Animal_Mother

Thinking Outside the Box

What’s even more remarkable is how many of these photos have been achieved without the use of a dedicated photo mode. Whereas PC players have the advantage of being able to freeze time to carefully frame their shots and add filters, console players must get creative and excel through quick reflexes and perseverance alone.

As a result, different photographers have developed their own methods for capturing photos. Some prefer to use the first-person view or disable the game’s HUD, while others like to take advantage of the cinematic camera or use the camera in their inventory to frame their shots. Perhaps the most ingenious makeshift technique I’ve heard of is opening the main menu to snap a photo before the UI appears in order to achieve a basic black and white filter. 

“Since we players on consoles don’t have any kind of photo mode, we find ourselves struggling a lot to get the desired shot,” Pardo notes. “I consider myself a “hardcore” photographer in this case, because without anything I succeed, often trying and trying again, to get what I want and to be happy with both the result and the feedback I get.”

Zoobz agrees that console players have to get a little bit creative to achieve certain shots. However, he’s optimistic that Rockstar will eventually introduce some kind of editor to give console players a helping hand.

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Xenolith3D

A Whole New World

As for PC players, we can already see the benefits that a dedicated photo mode has brought them. For example, Xenolith3D, a virtual photographer from Sweden, is capturing some remarkable long shots, taking advantage of the photo mode’s ability to create a greater distance between the player and the camera. In a recent series he calls “1899 America,” we can see his character riding along the edge of a farm, cresting a hill to overlook a distant settlement, and gazing pensively over a rain-sodden field. These shots do a terrific job of demonstrating the size and scale of Rockstar’s world in a way that would be challenging to express on consoles.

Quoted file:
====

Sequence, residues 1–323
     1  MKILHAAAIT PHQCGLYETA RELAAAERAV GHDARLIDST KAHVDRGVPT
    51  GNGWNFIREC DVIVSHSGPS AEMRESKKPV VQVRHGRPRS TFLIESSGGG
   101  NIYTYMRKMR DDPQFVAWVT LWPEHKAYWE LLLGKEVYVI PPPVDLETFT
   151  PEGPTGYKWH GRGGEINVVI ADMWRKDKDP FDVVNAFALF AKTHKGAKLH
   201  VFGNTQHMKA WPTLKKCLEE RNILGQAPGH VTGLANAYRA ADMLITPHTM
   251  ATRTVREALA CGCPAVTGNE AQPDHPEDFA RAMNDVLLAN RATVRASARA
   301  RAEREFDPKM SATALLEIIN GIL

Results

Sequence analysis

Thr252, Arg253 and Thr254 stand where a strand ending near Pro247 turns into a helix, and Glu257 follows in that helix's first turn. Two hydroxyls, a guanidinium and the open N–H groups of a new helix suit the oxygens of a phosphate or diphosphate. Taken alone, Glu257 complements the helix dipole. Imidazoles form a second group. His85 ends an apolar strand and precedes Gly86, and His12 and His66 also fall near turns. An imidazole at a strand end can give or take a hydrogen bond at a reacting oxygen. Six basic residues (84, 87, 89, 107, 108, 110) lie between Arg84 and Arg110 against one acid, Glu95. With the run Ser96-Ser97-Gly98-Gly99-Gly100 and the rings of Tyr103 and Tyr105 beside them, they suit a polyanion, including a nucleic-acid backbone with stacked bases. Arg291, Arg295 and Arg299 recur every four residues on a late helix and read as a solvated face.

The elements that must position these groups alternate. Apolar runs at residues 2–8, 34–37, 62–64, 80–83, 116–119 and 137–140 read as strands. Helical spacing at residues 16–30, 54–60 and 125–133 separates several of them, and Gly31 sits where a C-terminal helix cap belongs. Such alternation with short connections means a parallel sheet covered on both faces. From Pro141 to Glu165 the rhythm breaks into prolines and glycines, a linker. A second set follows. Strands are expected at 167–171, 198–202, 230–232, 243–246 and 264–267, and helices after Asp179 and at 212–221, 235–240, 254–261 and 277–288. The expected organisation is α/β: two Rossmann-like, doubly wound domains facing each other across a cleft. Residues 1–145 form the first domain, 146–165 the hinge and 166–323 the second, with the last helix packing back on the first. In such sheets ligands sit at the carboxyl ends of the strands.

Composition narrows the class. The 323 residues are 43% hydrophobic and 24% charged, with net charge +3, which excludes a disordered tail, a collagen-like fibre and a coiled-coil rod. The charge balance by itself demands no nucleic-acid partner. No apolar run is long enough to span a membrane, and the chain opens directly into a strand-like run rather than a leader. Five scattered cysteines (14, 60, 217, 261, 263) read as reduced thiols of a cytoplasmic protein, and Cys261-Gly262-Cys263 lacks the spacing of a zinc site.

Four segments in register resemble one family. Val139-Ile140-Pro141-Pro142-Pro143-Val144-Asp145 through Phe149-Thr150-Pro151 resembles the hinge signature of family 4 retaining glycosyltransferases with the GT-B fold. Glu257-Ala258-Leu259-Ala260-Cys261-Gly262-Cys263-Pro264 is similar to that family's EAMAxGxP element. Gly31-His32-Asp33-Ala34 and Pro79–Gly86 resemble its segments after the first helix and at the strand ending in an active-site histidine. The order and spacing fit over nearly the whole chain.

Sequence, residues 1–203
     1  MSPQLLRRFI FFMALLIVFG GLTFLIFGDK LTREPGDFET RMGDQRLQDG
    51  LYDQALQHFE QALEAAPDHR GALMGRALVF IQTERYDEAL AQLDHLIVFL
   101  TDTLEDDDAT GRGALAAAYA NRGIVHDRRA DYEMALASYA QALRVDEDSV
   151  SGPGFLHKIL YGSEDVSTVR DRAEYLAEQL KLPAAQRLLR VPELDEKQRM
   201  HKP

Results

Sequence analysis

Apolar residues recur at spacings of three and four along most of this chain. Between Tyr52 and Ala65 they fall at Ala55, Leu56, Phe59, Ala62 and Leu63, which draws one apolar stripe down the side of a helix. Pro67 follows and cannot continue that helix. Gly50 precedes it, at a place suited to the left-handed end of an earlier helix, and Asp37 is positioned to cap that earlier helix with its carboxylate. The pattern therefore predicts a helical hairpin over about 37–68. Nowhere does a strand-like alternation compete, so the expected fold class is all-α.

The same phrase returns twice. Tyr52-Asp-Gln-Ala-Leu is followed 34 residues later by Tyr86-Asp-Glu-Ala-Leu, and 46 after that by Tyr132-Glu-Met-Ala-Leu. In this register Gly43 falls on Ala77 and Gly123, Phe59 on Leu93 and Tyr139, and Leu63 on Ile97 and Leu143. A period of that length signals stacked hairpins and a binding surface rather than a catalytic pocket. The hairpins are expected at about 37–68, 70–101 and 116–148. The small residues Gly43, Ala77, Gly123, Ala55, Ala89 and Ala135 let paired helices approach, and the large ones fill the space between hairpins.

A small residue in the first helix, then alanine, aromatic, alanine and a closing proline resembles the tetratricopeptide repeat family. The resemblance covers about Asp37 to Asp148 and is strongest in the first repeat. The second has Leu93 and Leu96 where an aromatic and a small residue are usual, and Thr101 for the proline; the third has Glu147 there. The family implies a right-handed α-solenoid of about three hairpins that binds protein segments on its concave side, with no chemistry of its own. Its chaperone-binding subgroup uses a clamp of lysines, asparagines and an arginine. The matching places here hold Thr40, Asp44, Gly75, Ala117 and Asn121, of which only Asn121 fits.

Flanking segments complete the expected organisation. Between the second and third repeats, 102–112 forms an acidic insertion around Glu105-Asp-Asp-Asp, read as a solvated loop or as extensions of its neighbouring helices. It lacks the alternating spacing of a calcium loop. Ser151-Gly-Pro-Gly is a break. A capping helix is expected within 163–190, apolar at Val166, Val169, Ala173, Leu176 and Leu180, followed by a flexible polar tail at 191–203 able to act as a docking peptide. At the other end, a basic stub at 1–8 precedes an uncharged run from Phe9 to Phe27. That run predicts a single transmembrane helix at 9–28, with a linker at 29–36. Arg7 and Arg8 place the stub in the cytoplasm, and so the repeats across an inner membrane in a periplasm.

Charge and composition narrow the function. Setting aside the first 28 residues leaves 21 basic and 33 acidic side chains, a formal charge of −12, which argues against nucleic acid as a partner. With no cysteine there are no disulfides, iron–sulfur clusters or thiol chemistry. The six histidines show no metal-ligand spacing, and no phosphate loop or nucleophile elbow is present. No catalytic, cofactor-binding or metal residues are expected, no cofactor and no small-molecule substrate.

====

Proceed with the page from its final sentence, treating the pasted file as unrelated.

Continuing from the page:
“At a very early age, I’ve always liked being creative when doing something and I think [that] might be the major reason why I got interested in virtual photography,” Xenolith3D explains. “Red Dead Redemption 2 is actually one of my favorite games of all time, so I thought it would be so awesome to experience the journey of Arthur Morgan again with the PC graphical enhancements and of course, the photo mode that was revealed by Rockstar at a later date.”

Photographers have also used mods in some brilliant ways. The French photographer Shinobi_Space, for instance, recently used a camera enhancement tool by Dutch programmer Frans Bouma to take satellite shots of the game’s world, giving players a totally new perspective on many familiar locations. 

Red Dead Redemption 2 has become the perfect playground for many wanting to practice their virtual photography skills. While some players are still without the benefits of an in-depth photo mode, their creativity in the face of this limitation is inspiring. Meanwhile, PC players are expanding the realm of possibilities, taking advantage of mods and other tools. Regardless of how they do it, in-game photography is bringing Red Dead players closer together.

“With Red Dead Online you can essentially make the character you want and explore the world and hang out with friends being cowboys,” Zoobz says. “[And] photography is a way to capture those experiences.”